"inflamed racial and ethnic tensions," then don't deal with
it. Leave it to someone who can.
I feel this presidential campaign reflects more of an
overblown TV reality show that has embarrassed our
nation. I would like to see educators make a concerted
future effort to bring a thoughtful understanding of
America's true issues to teenagers as an inspirational
step to encourage a more mature America and
leadership.

The Every Student Succeeds Act, which will go into full
effect during the 2017-18 school year, requires states to
include at least one nonacademic indicator in their school
evaluation measures. This focus on nonacademic and
social-emotional skills isn't new to Hyde Schools, which
has long emphasized the value of character-building and
the development of other nonacademic skills. What is
Hyde's approach to teaching these kinds of skills?
Forgive my bias, but this seems a rather pathetic step to try
to humanize a very limited and underperforming system.
As Aristotle said, "Educating the mind without educating
the heart is no education at all." The Hyde Schools' mission
over the last 50 years has been to develop the unique
potential of each student by utilizing a new college-prep
curriculum that emphasizes character-specifically
courage, integrity, concern, curiosity, and leadership. These
are human qualities, not skills. To us, academic proficiency
reflects more important learning competence and cognitive
skill.
Character is the whole; academics are a subset. Thus,
academics are the tail that cannot wag the dog, which
is why schools fail to effectively address character
problems like cheating and bullying. Hyde turns today's
education system upside down, putting the student's
unique potential and character first. This not only helps
students answer the three critical questions-"Who am
I?" "Where am I going?" and "How do I get there?"-but
motivates and develops them both individually and
academically. Ultimately, both a better person and
scholar emerge.

What guidance can you offer teachers and local school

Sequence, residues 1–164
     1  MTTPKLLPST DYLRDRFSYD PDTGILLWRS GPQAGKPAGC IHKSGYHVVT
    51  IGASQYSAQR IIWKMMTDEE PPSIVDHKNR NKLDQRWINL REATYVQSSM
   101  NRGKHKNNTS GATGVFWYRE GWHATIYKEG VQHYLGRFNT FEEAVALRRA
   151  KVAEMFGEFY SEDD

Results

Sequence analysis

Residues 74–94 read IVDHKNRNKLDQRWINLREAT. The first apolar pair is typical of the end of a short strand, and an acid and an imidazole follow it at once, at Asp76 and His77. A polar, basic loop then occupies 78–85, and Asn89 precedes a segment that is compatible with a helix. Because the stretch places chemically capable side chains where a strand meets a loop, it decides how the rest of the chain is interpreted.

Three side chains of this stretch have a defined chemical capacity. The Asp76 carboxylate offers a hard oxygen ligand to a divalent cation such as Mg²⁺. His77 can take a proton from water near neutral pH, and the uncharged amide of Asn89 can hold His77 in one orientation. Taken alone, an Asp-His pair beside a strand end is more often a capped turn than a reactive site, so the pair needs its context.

leaders as they begin to devote more of their time and
resources to social-emotional learning?
To us, the present educational focus on academic proficiency
seeks to satisfy societal and national needs by putting
students in competition with each other. Students view
schools not as something to experience, but as avenues to
navigate to get to the best college or job possible, assuming
they don't drop out. Competition is meant to motivate
capitalism, not education, which is meant to be powered by
curiosity. To educate is to draw out; our focus needs to be on
developing the individual student. We are delighted with
several public school systems that have adopted Hyde's
Discovery Group approach, in which students regularly
meet to share about their lives and participate in athletics,
performing arts, community service, and jobs.
The change in these schools' cultures has been
remarkable. For example, the Upper Dauphin Area
Middle School in Lykens, Pa., which first implemented
the Discovery Group approach in the 2014-15 school
year, recorded a significant drop in the number of cases
of violence, from 43 to five, and a 53 percent drop in
discipline cases, compared with the previous school year.

Formal efforts to improve parent involvement are rising in a
number of states, including Massachusetts and California.
But some parents are easier to engage than others. Parents
from low-income, non-English-speaking, or nonwhite
families may feel less welcome in the school community
or be unable to devote the same amount of time as other
parents because of other commitments. How can school
leaders engage parents from these less visible groups?
I believe we will never solve our educational and national